To the authors’ knowledge, the role of the alphaherpesvirus EHV-1 in equine keratoconjunctivitis has not been speciﬁcally investigated; however, the asso- ciation between the gammaherpesvirus EHV-2 and kera- toconjunctivitis in horses has been studied. Ganciclovir has been reported to inhibit cytomegalovirus, herpes simplex virus types 1 and 2, varicella zoster virus, and Epstein–Barr virus. Procedures: Conjunctival swabs, corneal scrapings, and conjunctival biopsies were collected from 18 horses: 12 clinical cases with idiopathic keratoconjunctivitis and six euthanized controls. 1 We present a novel case of a newborn girl who developed HSV-2 keratoconjunctivitis despite being delivered via an elective, uncomplicated, repeat cesarean over intact chorioamniotic membranes in the absence of active clinical maternal HSV infection and despite having a negative medical history of previous orolabial or genital herpetic infection. Retrobulbar steroid or placebo therapy was begun in matched animals after clinical signs of posterior chorioretinitis appeared. The disease is contagious and can appear as outbreaks in the reindeer herds, affecting calves and young animals in particular. During severe outbreaks, tens of animals can be involved and the most severe symptoms of the disease can appear, leading to permanent blindness.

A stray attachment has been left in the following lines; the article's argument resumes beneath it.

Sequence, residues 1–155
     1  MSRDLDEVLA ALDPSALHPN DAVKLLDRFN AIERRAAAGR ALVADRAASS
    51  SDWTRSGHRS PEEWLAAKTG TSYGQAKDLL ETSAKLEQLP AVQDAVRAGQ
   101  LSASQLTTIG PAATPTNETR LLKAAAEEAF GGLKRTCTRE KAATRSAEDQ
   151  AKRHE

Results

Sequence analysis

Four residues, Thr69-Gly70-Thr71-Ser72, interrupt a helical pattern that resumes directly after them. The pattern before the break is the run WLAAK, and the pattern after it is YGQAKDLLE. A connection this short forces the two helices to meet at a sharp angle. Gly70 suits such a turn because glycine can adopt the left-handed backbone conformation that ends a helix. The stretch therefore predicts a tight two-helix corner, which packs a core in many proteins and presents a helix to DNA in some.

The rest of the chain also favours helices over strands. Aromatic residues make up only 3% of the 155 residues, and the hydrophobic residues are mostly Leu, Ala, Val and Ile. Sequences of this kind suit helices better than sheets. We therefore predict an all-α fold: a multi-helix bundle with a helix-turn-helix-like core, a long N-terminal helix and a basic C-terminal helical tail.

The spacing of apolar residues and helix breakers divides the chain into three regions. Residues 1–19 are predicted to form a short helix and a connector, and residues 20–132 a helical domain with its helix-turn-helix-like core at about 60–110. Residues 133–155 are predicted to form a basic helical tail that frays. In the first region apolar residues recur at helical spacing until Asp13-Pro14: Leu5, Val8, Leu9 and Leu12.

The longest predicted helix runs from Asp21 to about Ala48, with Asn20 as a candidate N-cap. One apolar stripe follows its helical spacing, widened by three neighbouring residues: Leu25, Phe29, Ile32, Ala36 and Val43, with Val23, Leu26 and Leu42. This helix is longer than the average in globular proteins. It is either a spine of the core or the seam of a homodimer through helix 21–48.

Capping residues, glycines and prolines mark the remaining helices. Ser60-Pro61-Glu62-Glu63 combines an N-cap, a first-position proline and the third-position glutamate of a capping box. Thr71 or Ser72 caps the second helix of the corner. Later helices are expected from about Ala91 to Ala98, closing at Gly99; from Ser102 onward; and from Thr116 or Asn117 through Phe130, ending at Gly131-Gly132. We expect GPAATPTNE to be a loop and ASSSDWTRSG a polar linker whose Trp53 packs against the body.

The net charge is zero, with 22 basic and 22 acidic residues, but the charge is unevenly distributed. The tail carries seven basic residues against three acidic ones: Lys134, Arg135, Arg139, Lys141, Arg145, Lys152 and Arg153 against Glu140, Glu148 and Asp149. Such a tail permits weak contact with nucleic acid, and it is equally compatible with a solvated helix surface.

Impaired vision in addition to discomfort results in decreased feeding; productivity losses during the illness have been estimated up to a 10%-20% loss in body weight in feeder calves. CONCLUSIONS: With clinical specimens the multiplex PCR was as sensitive as its respective uniplex PCRs but more sensitive than adenovirus isolation and as sensitive as herpes simplex virus isolation or C. We have previously concluded that alphaherpesvirus of reindeer, cervid herpesvirus 2 (CvHV2) can initiate such outbreaks and represents the transmissible component of the disease, whereas secondary bacterial infections may contribute to the pathology and destruction of the eyes. Through this project, we want to address the infection biology and pathogenicity of IKC in reindeer, with a particular focus on the role of CvHV2 as the causative agent. This can be a very painful and devastating disease of economic importance for reindeer herders. Further, we want to address possible anti-viral treatment, to see if it is possible to abort CvHV2-infection and the associated pathogenicity, both in cell culture and experimental animals. Intracellular metabolism of acyclic nucleoside analogues and acyclic nucleotide analogues.
PhD student Javier Sánchez Romano (UiT) is associated to the project, with co-supervisors Karen K. Sørensen, Anett K. Larsen and Ingebjørg H. Three days later, he saw a doctor and antiviral treatment was given.